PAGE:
Survey: Telecom customers in Qatar want a third operator

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Despite saying they’re overwhelmingly satisfied with telecom service in Qatar, residents would welcome a third carrier into the market to help drive prices down, a new government survey has found.

Only about a third of consumers asked said they felt that the prices for internet and phone services here are competitive, according to a customer satisfaction study conducted for Qatar’s Communications Regulatory Authority (CRA).

Photo for illustrative purposes only.

Vodafone / Facebook

Photo for illustrative purposes only.

Allowing a third carrier to compete against Ooredoo and Vodafone Qatar was the key suggestion made by customers, according to the report’s authors, who recommended the CRA study the feasibility of inviting another operator into the market.

Vodafone broke Ooredoo’s monopoly for internet, mobile and fixed-line telephone services in Qatar in 2009, when the state-backed operator was still known as Q-Tel.

Since then, the London-based company has continued to add subscribers and erode Ooredoo’s market share. However, in its six years of operations, Vodafone has yet to turn a profit.

And speaking to Doha News, Vodafone Qatar’s CEO previously said that the country was not yet ready to support a third service provider. In November 2013, Kyle Whitehill said:

“If I look at comparative populations, if feels like a tough place to come as a third operator when you still have such a monopolistic position in some market segments. It would be hard to imagine what a third operator would be able to do without some structural changes in the marketplace.”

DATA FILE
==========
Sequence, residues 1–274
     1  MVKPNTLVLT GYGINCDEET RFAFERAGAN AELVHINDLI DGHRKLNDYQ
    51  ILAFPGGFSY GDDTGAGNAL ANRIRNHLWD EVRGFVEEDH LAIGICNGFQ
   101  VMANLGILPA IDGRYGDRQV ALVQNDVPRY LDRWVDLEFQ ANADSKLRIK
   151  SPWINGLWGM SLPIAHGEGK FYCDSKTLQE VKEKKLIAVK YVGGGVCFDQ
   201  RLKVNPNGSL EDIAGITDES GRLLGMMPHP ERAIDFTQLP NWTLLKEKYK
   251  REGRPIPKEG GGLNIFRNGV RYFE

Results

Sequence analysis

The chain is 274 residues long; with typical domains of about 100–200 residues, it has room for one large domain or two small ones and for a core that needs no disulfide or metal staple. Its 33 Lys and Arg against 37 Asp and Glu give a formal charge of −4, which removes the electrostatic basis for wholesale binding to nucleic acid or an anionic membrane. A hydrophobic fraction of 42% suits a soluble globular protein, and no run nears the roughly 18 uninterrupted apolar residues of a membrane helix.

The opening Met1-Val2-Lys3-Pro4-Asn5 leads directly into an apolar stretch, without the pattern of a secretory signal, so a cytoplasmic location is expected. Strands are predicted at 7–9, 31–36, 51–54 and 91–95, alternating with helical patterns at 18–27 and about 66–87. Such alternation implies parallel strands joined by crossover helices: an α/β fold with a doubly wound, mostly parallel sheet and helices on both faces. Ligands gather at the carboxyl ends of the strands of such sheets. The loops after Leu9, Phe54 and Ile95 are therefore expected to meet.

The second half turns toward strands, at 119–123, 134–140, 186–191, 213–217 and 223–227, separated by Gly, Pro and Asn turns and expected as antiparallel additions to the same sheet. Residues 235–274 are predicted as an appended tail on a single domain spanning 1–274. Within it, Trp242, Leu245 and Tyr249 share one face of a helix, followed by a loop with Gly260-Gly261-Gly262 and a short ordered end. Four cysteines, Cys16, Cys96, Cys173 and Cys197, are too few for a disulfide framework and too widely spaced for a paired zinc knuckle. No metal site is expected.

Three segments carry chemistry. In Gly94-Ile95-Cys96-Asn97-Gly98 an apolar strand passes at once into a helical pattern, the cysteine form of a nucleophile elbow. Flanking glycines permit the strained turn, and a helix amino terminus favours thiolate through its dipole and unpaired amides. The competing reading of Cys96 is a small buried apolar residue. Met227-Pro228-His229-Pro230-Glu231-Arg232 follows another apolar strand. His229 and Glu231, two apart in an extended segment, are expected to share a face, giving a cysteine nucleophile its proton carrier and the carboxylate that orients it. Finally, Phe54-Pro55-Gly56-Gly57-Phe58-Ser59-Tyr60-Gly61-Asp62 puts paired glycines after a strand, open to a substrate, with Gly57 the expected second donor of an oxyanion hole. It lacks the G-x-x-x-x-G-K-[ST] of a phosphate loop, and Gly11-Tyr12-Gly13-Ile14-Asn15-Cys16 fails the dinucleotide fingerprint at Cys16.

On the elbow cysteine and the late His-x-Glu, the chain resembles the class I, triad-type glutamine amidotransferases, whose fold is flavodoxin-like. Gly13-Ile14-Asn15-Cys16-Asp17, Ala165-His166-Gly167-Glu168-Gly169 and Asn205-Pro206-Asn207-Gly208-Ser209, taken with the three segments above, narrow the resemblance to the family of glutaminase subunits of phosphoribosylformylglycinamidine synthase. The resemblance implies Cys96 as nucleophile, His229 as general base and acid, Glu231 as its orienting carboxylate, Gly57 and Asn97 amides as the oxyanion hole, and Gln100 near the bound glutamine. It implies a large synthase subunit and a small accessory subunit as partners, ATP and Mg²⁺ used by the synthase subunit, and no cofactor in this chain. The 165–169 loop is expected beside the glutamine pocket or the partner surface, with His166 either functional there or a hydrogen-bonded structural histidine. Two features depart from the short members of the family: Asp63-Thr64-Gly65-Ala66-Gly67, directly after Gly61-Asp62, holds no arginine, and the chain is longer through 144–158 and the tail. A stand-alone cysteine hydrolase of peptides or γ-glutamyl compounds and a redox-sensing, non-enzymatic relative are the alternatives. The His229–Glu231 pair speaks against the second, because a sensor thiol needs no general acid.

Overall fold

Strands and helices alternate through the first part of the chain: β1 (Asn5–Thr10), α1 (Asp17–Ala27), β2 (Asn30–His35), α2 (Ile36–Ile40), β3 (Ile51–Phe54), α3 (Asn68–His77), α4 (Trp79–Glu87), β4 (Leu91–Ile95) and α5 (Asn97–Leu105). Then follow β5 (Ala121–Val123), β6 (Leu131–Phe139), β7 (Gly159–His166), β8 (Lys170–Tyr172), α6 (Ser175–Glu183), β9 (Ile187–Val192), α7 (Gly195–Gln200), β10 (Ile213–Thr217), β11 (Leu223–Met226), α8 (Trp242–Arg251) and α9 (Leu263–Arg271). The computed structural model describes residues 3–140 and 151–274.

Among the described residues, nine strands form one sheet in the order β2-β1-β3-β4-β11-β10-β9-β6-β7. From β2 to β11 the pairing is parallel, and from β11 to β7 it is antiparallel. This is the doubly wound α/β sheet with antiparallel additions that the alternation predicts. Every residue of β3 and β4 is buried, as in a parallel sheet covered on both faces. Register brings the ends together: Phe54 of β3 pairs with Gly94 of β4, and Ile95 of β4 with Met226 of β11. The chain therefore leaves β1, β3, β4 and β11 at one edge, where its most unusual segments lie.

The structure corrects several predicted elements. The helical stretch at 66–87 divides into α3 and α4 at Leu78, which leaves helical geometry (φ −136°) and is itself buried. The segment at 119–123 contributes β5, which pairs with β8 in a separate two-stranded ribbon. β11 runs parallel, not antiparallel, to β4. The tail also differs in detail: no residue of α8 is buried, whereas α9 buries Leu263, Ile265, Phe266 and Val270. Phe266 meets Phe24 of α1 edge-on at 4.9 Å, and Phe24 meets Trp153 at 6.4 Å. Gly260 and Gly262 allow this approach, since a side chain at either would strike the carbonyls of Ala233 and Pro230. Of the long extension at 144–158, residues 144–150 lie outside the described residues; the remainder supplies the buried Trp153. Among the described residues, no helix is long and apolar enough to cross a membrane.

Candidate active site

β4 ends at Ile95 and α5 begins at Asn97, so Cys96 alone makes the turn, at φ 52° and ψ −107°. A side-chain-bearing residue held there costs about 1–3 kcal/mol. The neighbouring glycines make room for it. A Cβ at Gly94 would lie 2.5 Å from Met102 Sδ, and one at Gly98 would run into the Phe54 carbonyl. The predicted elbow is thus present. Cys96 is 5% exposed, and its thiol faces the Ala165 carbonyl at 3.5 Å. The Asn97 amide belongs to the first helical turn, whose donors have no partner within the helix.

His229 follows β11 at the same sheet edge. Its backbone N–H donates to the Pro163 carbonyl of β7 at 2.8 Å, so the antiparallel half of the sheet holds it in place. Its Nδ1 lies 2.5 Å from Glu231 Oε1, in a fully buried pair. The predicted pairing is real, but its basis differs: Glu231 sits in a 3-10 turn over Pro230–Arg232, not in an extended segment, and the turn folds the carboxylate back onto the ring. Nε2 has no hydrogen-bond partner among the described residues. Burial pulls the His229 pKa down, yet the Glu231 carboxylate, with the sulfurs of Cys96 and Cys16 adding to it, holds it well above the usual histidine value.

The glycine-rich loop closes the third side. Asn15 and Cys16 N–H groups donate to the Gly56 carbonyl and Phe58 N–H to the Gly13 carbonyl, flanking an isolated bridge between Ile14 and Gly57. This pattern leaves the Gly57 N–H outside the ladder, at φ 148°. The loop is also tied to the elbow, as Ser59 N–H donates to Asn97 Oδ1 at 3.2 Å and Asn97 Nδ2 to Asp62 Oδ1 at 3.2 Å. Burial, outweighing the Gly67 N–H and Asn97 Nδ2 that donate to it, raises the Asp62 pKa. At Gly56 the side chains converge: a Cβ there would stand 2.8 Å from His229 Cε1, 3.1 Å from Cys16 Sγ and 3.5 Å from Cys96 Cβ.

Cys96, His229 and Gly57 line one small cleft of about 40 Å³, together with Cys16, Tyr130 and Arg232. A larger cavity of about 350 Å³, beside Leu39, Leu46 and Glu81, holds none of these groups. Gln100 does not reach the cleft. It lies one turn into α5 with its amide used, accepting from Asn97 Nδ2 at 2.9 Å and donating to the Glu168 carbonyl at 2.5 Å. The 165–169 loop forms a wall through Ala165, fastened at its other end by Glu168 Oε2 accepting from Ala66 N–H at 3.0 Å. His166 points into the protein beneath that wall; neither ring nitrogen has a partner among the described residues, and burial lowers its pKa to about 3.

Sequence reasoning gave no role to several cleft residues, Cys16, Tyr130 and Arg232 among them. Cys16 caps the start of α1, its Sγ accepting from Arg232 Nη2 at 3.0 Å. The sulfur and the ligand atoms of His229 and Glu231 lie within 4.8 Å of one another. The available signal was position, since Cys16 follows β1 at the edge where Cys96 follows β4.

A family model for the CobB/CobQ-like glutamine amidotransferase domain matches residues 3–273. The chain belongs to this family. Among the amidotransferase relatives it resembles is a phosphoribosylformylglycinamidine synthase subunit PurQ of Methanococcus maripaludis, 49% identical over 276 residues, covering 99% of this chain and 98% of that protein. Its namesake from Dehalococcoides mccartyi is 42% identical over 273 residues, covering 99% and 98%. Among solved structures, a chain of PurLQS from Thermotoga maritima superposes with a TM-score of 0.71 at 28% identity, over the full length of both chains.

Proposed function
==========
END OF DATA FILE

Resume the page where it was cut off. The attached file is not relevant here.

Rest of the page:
Price perceptions

Since its launch, Vodafone has helped bring down prices for all telecom users.

For example, international calling rates in Qatar prior to the company’s arrival ranged from QR2 to QR6 a minute.

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Gwyneth Anne Bronwynne Jones/Flickr

For illustrative purposes only.

Now, both Vodafone and Ooredoo offer long-distance rates for less than half a riyal a minute to more than 100 other countries.

Similarly, local calls cost 55 dirhams a minute before Vodafone entered in Qatar. Both companies now offers rates as low as 10 dirhams a minute.

Despite the added competition, Qatar continues to have the highest prices for broadband internet in the GCC, according to the International Telecommunication Union, a UN agency.

Not everyone is bothered by telecom prices in Qatar. Though one in five customers say services are highly priced, as a whole, roughly half of those surveyed said prices for Qatar’s telecom services are either low or very competitive, according to the CRA survey.

More broadly, Qatar residents said they’re highly satisfied with network coverage and availability, but think there’s room for improvement in terms of how Ooredoo and Vodafone deal with complaints, set their prices and structure their plans.

Photo for illustrative purposes only.

Mohamed Nanabhay/Flickr

Photo for illustrative purposes only.

Overall, 88 percent of respondents said they’re pleased with the quality of telecom services provided in Qatar. That’s slightly higher than a global benchmark, based on similar surveys in other countries, of 84 percent but lower than the responses from telecom customers in the UAE.

Some 93 percent of broadband internet and mobile customers in that Gulf country reported being satisfied, according to the report.

The survey of Qatar consumers was based on 2,526 in-person interviews and nine focus group sessions.

Here’s a copy of the full report:

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